Absolutely, it was very concerning because when folks started uptaking Agile there was less upfront planning, design and architecture being done. So things that they needed out of the systems team that did require a large amount of lead time wouldn’t get done appropriately. They often didn’t figure out until their final iteration that, “Oh, we need some sort of major systems change.” We would always get into these crunches where they decided, “Oh, we need a Jabber server,” and they decided it two weeks before they’re supposed to go into test with their final version. It was an unpleasant experience for us because we felt like we had built up this process that had got us up very well aligned from just a relationship point of view between development and operations with the previous model. And this was coming in and “messing that all up.”
Initially there were just infrastructure realities that meant you couldn’t keep pace with that. Or, well, “couldn’t” is a strong word. Historically, automation has always been an afterthought for infrastructure people. You build everything and you get it running. And then, if you can, go back and retrofit automation onto it, in your copious spare time. Unless you’re faced with some sort of huge thousand server scale deal because you’re working for one of the massive shops.
But everyplace else where you’re dealing with 5, 10, 20 servers at a time, it was always seen as a luxury, to an extent because of the historical lack of automation and tools but also to an extent just because you know purchasing and putting in hardware and stuff like that has a long time lag associated with it. We initially weren’t able to keep up with the Agile iterations and not only the projects, but the relationships among the teams suffered somewhat.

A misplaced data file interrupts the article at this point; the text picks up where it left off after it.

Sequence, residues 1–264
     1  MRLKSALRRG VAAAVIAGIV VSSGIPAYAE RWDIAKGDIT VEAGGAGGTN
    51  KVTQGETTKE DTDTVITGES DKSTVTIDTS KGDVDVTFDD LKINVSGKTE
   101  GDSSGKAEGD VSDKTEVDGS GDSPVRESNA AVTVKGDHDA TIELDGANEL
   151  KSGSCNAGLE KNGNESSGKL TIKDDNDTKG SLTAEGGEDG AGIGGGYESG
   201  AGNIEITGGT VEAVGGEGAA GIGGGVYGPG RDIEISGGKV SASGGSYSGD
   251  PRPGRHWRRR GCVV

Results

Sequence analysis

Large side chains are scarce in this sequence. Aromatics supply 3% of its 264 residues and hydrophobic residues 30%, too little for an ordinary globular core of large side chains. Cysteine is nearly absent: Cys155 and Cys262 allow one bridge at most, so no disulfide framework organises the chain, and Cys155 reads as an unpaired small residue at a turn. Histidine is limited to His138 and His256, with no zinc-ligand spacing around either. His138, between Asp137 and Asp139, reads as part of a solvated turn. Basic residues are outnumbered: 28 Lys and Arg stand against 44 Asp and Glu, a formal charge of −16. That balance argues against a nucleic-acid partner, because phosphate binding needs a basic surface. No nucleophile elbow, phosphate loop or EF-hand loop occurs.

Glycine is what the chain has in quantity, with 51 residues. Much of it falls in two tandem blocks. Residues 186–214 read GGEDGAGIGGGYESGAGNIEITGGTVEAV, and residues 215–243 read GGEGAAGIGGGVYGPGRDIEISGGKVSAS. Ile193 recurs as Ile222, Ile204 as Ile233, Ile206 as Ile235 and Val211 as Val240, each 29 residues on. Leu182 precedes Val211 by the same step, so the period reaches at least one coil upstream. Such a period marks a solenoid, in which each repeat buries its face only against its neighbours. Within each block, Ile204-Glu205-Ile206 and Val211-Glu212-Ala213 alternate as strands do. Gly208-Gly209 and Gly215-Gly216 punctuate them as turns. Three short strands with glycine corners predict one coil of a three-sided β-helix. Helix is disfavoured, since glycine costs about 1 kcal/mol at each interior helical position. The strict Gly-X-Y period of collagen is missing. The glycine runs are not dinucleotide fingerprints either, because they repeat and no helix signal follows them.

Even once we started to try to get on the agile path, it was very foreign to the other infrastructure teams; even things like using revision control, creating tests for your own systems, and similar were considered “apps things” and were odd and unfamiliar.
So how did you approach and overcome that skepticism and unfamiliarity that the rest of the team had toward becoming more Agile?
There’s two ways. One was evangelism. The other way – I mean I [laughter] hesitate to trumpet this is the right way. But mostly it was to spin off a new team dedicated to the concept, and use the technologies like Cloud and virtualization to take other teams out of the loop when we could.
These new products that we’re working on right now, we’ve, essentially, made the strategic decision that since we’re using Cloud Computing, that all the “hardware procurement and system administration stuff” is something that we can do in a smaller team on a product-by-product basis without relying on the traditional organization until they’re able to move themselves to where they can take advantage of some of these new concepts.
And they’re working on that. There’s people, internally, eyeballing ITIL and, recently, a bunch of us bought the Visible Ops book and are having a little book club on it to kinda get people moving along that path. But we had to incubate, essentially, a smaller effort that’s a schism from the traditional organization in order to really implement it.
You’ve mentioned Agile, ITIL, and Visible Ops. How do you see those ideas aligning? Are they compatible?
I know some people decry ITIL and see process as a hindrance to agility instead of an asset. I think it’s a problem very similar to that which development teams have faced. We actually just went through one of those Microsoft Application Lifecycle Management Assessments, where they talk with all the developers about the build processes and all of that. And it ends up being the same kind of discussion. So things like using version control and having coordinated builds and all this. They are all a hindrance to a single person’s velocity, right? Why do it if I don’t need it?